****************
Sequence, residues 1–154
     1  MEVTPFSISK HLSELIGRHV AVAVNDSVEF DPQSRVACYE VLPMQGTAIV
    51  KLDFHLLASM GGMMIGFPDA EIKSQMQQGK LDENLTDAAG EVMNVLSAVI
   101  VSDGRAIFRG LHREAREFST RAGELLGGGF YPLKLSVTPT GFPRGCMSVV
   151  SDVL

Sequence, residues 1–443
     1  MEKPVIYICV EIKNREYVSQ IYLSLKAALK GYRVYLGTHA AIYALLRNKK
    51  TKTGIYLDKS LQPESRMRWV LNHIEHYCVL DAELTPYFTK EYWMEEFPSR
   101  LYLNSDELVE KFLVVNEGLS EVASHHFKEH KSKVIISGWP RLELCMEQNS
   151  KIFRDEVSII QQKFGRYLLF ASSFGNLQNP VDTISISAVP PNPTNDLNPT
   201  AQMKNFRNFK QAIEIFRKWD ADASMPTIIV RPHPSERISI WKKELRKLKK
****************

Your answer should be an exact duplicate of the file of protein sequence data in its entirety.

Sequence, residues 1–154
     1  MEVTPFSISK HLSELIGRHV AVAVNDSVEF DPQSRVACYE VLPMQGTAIV
    51  KLDFHLLASM GGMMIGFPDA EIKSQMQQGK LDENLTDAAG EVMNVLSAVI
   101  VSDGRAIFRG LHREAREFST RAGELLGGGF YPLKLSVTPT GFPRGCMSVV
   151  SDVL

Sequence, residues 1–443
     1  MEKPVIYICV EIKNREYVSQ IYLSLKAALK GYRVYLGTHA AIYALLRNKK
    51  TKTGIYLDKS LQPESRMRWV LNHIEHYCVL DAELTPYFTK EYWMEEFPSR
   101  LYLNSDELVE KFLVVNEGLS EVASHHFKEH KSKVIISGWP RLELCMEQNS
   151  KIFRDEVSII QQKFGRYLLF ASSFGNLQNP VDTISISAVP PNPTNDLNPT
   201  AQMKNFRNFK QAIEIFRKWD ADASMPTIIV RPHPSERISI WKKELRKLKK